Everest

Every child knows the answer to what is the highest mountain in the world. And here I was gazing at it in all its snow-clad beauty, we’d made it. Across two continents, numerous deserts and mountain ranges and now the challenge of getting up to Base Camp, Everest. Two checkpoints to clear before we’re allowed onto the track, then over a hundred hairpin bends as we wound our way upwards. The hairpins were challenging, often steep and always covered in gravel, the group was soon spread out along the mountainous slopes. We reached a pass where we all gathered for a group picture, lining the bikes up alongside the van as we posed for a photo that will be going in all our albums with the view of Everest’s north face behind us. Then the next section of hairpins, I was attempting to take photos of the others tackling the difficult curves whilst riding alongside them – with mixed results as often I had to grab the hand grips at the last minute in some particularly loose gravel (another in the occasional series of don’t tell my Mum). Through small villages where the locals looked on with surprise, and then the final stretch up to Rongpu Monastery (the highest in the world). We left Mark there- disconsolately changing his shock absorber which had died on him 10 minutes earlier. This is his third trip to Everest so we didn’t feel too bad at leaving him in the monastery yard; after all he had a great view of Everest as he got the tools out and started work.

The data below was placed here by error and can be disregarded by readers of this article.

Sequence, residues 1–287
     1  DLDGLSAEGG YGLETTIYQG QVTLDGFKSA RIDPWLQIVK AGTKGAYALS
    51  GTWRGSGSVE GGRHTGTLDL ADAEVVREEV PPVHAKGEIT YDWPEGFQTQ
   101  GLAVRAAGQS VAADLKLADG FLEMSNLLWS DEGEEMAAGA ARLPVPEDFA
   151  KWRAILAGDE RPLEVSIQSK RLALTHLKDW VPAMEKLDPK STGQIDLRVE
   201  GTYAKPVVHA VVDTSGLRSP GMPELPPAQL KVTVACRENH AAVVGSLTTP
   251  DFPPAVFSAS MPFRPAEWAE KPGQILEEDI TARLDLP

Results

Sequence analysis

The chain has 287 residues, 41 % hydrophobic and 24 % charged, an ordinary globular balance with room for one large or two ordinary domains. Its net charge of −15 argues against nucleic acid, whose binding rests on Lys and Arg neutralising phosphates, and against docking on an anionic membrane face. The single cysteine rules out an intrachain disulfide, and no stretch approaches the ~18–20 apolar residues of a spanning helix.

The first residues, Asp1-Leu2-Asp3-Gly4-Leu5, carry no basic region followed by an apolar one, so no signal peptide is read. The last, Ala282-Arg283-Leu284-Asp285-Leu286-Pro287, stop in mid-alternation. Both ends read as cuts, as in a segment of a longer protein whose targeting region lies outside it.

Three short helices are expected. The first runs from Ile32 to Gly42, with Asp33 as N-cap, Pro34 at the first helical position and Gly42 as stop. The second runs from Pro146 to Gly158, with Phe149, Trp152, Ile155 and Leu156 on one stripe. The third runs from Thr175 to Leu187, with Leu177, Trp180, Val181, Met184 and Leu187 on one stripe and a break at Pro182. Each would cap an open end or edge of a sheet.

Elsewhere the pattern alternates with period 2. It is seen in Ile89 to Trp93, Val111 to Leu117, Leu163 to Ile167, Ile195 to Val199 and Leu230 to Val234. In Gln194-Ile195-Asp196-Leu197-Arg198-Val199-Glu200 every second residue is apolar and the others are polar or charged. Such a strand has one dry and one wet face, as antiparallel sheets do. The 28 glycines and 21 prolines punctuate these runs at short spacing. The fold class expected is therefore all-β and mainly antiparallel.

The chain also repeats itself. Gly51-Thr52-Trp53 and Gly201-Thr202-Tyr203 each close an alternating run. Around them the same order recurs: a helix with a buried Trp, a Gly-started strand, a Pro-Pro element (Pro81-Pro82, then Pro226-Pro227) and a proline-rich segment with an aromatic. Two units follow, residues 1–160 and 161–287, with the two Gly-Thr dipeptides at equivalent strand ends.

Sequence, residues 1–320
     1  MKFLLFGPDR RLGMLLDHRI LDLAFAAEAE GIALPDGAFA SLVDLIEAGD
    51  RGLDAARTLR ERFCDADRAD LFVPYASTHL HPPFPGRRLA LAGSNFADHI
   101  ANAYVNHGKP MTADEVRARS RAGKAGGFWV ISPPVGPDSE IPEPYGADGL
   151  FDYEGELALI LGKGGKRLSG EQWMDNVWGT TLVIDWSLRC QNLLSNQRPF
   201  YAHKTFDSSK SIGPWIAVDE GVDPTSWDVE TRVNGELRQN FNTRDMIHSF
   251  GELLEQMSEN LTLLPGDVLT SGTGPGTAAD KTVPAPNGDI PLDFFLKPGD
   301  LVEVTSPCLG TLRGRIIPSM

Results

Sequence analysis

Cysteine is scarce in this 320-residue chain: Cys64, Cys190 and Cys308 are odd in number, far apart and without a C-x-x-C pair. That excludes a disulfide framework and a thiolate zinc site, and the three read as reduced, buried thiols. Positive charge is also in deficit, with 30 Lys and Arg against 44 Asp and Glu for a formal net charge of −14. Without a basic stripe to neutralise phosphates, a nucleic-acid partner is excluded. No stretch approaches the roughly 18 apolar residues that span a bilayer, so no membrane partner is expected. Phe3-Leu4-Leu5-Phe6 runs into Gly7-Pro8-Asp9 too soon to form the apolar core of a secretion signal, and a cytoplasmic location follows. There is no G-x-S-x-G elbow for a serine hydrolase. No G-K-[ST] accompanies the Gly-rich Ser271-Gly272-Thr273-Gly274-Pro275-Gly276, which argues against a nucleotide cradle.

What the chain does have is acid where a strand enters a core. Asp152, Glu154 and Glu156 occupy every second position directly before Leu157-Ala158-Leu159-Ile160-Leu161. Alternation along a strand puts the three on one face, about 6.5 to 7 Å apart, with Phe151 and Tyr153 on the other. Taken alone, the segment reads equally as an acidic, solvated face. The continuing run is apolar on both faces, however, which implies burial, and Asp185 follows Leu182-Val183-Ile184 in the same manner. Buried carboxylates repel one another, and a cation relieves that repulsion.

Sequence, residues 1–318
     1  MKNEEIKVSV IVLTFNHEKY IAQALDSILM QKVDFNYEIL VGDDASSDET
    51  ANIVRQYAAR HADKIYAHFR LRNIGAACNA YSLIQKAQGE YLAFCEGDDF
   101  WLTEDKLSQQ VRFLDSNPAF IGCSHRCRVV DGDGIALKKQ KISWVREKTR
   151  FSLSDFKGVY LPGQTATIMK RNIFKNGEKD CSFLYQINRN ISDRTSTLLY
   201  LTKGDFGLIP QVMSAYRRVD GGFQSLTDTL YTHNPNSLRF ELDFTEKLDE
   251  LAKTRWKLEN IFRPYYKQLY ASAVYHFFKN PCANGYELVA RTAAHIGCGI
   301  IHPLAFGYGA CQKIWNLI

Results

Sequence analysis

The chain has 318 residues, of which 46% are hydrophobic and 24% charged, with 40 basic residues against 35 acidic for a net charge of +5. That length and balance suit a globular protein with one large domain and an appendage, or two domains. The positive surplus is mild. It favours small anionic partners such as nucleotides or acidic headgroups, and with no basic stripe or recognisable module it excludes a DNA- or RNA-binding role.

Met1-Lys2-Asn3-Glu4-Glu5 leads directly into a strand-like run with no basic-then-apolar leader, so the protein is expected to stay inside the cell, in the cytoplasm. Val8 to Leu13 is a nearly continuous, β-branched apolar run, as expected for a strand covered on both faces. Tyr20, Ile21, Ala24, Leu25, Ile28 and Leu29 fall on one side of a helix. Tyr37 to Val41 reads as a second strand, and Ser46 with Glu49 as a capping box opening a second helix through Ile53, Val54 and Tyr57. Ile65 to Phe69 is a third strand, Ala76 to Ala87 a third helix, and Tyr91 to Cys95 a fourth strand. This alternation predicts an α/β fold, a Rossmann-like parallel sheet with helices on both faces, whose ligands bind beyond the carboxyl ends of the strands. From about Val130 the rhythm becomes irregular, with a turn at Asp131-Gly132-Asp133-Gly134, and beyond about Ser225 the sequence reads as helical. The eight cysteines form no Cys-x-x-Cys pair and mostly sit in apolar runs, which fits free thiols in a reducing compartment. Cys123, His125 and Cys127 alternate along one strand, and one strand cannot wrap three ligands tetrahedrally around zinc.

Base Camp Everest –it felt like we were the highest motorcyclists in the world and who knows... perhaps we were. We gazed at the awe-inspiring sight in front of us, savouring the moment after the culmination of weeks of hard travel. Scrambling to the top of the small hill by the camp was so hard due to the elevation that I had to stop to get my breath every 10 steps or so. We felt as if we could have stayed there the rest of the day but we still had the 60 miles of hairpin bends to negotiate back down again. A final photo and off we went, pausing to pay our respects at the monastery and to collect Mark.